Posted by: JCF on Monday, 12 October 2009 at 9:59pm BST

Re Ford's comments
I think that TEC has already followed its own best lights... as has CofE. Despite what "any one else the world thinks" (i.e., Rome) the CofE went its own way four hundred and fifty years ago. Since then, Rome has held that NO Anglican orders are valid. Therefore, in their eyes we have been without deacons, priests and bishops ever since. At some point, you make your best judgment and act with as much integrity as you can muster despite the disagreement of a few or many. That's really nothing new.

I don't agree that TEC should sign the Ridley Cambridge draft because as things stand now we, as a body, don't agree in full with the statement.

Arrogant? Perhaps just honest.

Lou Poulain
Sunnyvale CA USA

Posted by: Lou Poulain on Monday, 12 October 2009 at 11:02pm BST

Blessed Ford, Kind Ford, Gentle Ford:

For goodness sakes! Jeremy and Lou did at least understand that my point was more about inter-Anglican relations and what "interdependence" as defined functionally in the Ridley Cambridge draft might mean on issues other than glbt Christians.

You write, "So, TEC sees this as a call from God and is determined to act on Her own to follow that perceived call from God, regardless of what anyone else in the world says, because TEC's confidence in Her discermnemnt of God's will is so absolute that anyone anywhere else who opposes it or is upset by it is in some way wrong." I want to answer, "Well, of course!"; but that doesn't really get to the point. Of course we determined that God might call women to any order after a lot of theological reflection, largely on what it meant to be human as opposed to male or female. How could we have taken that step without that conviction? And having that conviction, how could we not take that step? And having that conviction that God is in this, how else would we hear someone who said, "God is not in this!"? Is it arrogance? Perhaps; but it was arrived at with good theological work, and not simply convenience (statements by detractors notwithstanding).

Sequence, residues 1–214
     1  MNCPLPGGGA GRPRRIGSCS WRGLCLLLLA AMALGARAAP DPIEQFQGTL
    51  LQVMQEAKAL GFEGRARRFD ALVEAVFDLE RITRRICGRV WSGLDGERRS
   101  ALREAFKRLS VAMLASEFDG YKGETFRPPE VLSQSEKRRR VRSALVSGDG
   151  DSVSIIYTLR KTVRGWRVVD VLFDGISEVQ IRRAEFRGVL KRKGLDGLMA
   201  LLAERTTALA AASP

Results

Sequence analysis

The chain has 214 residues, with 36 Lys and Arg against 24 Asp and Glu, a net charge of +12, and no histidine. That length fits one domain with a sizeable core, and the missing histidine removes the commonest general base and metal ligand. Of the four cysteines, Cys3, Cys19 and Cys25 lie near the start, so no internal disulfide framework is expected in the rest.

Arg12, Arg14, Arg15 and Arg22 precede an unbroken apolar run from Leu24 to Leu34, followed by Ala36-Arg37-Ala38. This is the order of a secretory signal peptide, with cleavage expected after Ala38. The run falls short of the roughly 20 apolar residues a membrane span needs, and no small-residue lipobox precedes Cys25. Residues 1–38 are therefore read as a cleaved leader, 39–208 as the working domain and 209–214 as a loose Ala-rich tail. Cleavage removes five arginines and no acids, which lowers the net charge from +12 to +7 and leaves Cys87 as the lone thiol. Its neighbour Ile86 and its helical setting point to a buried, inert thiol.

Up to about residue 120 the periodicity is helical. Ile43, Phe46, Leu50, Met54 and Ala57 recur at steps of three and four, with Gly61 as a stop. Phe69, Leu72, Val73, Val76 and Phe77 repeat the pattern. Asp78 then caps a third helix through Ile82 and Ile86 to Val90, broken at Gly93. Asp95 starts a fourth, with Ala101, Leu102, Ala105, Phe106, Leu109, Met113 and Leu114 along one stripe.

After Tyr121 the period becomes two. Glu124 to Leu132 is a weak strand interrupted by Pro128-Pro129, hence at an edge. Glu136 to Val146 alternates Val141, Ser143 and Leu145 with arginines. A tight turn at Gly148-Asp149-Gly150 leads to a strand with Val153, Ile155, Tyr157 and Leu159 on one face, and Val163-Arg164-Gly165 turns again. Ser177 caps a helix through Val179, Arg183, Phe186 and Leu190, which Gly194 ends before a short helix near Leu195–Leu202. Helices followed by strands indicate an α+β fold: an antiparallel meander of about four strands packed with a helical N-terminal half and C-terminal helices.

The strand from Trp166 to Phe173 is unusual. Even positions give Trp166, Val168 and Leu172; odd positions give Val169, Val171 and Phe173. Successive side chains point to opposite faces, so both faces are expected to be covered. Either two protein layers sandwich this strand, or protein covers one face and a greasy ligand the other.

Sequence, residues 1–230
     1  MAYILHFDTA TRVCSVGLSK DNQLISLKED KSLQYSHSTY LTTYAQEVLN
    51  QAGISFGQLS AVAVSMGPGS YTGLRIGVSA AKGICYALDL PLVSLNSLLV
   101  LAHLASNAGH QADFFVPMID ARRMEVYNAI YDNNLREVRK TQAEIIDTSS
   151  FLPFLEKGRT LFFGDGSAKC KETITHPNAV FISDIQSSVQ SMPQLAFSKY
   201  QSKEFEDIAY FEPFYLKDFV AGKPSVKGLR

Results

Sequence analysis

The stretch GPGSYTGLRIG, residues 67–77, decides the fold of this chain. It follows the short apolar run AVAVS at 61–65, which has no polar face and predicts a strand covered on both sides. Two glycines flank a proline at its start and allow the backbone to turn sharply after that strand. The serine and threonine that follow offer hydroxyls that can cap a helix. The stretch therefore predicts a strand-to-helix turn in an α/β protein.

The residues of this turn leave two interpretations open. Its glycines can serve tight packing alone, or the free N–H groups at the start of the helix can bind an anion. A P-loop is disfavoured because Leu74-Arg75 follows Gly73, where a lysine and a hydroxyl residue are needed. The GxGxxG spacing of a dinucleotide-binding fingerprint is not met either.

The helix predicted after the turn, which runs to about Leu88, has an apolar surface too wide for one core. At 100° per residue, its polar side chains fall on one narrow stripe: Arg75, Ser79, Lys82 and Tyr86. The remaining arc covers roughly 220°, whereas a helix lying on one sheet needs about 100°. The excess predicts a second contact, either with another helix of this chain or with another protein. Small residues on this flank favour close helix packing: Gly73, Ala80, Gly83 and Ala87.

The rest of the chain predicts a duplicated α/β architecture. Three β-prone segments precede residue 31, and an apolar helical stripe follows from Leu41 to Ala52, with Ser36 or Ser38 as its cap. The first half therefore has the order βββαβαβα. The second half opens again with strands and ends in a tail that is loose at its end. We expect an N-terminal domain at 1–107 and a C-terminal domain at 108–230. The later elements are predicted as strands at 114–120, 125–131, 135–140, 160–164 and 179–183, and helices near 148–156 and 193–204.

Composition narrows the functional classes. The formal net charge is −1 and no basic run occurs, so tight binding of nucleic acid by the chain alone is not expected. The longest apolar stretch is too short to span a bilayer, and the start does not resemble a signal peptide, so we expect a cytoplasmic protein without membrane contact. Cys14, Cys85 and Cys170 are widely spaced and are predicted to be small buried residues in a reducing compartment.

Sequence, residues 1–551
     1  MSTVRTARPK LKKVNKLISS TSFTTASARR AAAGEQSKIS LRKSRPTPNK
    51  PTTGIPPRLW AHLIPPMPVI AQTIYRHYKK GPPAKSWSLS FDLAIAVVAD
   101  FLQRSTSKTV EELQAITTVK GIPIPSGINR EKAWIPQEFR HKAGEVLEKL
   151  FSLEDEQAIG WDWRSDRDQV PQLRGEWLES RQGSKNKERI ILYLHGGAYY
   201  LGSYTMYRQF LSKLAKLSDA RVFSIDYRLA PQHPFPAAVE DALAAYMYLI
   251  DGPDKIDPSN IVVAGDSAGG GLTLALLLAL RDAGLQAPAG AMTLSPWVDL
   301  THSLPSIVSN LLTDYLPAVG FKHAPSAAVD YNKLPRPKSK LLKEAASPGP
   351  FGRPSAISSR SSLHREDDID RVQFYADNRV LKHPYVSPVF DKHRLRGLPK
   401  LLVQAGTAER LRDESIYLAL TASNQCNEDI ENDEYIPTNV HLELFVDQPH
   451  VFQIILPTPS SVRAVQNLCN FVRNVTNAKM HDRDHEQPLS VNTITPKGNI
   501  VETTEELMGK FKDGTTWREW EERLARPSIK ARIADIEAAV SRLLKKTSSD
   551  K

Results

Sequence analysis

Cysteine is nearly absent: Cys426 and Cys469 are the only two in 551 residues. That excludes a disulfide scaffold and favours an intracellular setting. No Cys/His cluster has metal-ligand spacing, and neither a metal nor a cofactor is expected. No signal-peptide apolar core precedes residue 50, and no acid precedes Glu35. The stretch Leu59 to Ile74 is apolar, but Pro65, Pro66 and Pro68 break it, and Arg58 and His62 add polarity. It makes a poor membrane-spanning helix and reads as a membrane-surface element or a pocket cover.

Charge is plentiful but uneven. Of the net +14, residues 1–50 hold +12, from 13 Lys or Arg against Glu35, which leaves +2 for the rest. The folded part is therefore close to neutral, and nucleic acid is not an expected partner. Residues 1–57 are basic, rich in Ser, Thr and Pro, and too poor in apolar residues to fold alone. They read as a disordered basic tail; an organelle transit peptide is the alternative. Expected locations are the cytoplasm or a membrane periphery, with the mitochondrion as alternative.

In any case, my point was as much about an Anglican Covenant as the differences between the American Church and the English Church in the process of reception of ordination of women to all orders (a process that the Windsor Report blithely, not to say scurrilously, glossed).

Posted by: Marshall Scott on Tuesday, 13 October 2009 at 1:04am BST

"But you can't really get all bewlidered and hurt when the rest of the world calls this attitude arrogant." - Ford Elms -